The City of Fullerton is committed to providing safe, reliable, and affordable drinking water to more than 144,000 residents and the businesses we serve. The City operates more than 420 miles of pipe, maintains 67.5 million gallons of storage, monitors more than 100 compounds by taking 4,000 samples annually, and supplies over 8 billion gallons of water annually.
The City manages all of this with a deteriorating system that has aged beyond its useful service life. Most of these pipes and facilities were installed in the 1950s and 1960s with the oldest pipe dating back to 1914. Because of the age and deterioration of the system, City staff repairs an average of 100 pipeline breaks per year which are highly disruptive to our customers. Additionally, staff responds to and fixes multiple well and pump failures every year.
Why do a Water Rate Study?
The water rate study was completed in 2019 and includes a phased five-year rate increase. The programmed water rates were designed to meet anticipated maintenance and operation costs while providing sufficient funding for water system related upgrades and replacement projects.
As a public water provider, the City can only charge its customers for the costs associated with providing water service; the City cannot earn a profit. When determining the proposed water rates, the City prioritizes:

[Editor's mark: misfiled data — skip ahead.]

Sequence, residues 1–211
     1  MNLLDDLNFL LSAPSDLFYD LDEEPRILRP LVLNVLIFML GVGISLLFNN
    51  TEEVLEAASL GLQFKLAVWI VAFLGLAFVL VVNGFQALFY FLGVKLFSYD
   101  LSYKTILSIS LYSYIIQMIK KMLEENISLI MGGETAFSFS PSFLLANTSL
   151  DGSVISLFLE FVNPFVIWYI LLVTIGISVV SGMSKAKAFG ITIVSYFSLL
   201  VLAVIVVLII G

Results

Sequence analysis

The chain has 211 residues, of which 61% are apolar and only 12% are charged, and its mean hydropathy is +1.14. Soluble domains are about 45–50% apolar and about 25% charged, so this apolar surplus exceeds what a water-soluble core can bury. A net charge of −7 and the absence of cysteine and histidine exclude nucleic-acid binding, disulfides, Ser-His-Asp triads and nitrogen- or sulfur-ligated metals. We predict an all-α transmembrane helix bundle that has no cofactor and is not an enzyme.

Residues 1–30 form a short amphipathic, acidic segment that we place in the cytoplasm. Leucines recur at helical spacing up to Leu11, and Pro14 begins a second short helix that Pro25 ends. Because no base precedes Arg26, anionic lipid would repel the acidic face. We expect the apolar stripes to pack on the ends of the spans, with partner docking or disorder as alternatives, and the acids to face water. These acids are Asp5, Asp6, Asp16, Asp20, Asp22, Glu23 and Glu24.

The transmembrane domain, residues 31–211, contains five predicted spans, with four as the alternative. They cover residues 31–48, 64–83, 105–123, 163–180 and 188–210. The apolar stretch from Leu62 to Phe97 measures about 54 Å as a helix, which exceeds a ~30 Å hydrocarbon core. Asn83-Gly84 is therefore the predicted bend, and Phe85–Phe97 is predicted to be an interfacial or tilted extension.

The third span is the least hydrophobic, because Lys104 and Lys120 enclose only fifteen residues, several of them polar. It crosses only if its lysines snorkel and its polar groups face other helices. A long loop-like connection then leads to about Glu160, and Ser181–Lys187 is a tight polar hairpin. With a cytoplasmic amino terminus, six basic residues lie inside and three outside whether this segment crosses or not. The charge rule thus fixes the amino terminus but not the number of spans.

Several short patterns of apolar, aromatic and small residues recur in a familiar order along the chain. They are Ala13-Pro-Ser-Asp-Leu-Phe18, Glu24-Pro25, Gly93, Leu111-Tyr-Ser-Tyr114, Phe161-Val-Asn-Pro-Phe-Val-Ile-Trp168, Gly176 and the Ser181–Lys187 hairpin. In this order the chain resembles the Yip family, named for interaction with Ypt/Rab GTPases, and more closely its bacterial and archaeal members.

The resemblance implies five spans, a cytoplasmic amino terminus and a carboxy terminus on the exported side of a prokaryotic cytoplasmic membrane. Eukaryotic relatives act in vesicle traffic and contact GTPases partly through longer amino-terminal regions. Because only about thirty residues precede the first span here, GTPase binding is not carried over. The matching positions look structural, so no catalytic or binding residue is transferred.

Treating all customers fairly and proportioning rates equitably
Reflecting the true cost of service
Maintaining legal defensibility
Protecting the water system’s financial stability and its ability to provide high-level service
Maintaining, upgrading and fixing aging pipelines, wells, pump stations, reservoirs, etc.
City staff worked with a Water Rate Study Ad Hoc Committee (made up of six at-large Fullerton residents that served on the Energy and Resource Management Committee and the Citizens’ Infrastructure Review Committee) to review the water system, its funding, and evaluate multiple alternative capital improvement program (CIP) project schedules. These CIP alternatives were studied with the goal of balancing the need to address critical pipeline and well replacement while minimizing water rate increases.
Eight Ad Hoc Committee meetings were held from August 2018 through March 2019. The public was invited to attend all meetings including an evening meeting held on December 5, 2018 to allow for more public input.